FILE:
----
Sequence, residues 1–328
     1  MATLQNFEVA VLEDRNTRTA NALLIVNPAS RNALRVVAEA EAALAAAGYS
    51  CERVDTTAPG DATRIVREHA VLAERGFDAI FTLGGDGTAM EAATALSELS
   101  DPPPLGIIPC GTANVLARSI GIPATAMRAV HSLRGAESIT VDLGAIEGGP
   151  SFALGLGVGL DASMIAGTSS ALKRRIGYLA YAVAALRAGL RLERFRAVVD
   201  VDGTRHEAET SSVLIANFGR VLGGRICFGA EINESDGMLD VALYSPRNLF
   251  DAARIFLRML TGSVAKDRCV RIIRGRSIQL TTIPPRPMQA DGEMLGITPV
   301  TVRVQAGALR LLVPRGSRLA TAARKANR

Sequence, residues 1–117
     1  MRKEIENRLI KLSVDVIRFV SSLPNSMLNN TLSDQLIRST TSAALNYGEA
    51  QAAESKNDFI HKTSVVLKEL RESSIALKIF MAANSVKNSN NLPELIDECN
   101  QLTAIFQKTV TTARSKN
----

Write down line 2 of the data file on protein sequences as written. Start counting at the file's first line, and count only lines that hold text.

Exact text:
     1  MATLQNFEVA VLEDRNTRTA NALLIVNPAS RNALRVVAEA EAALAAAGYS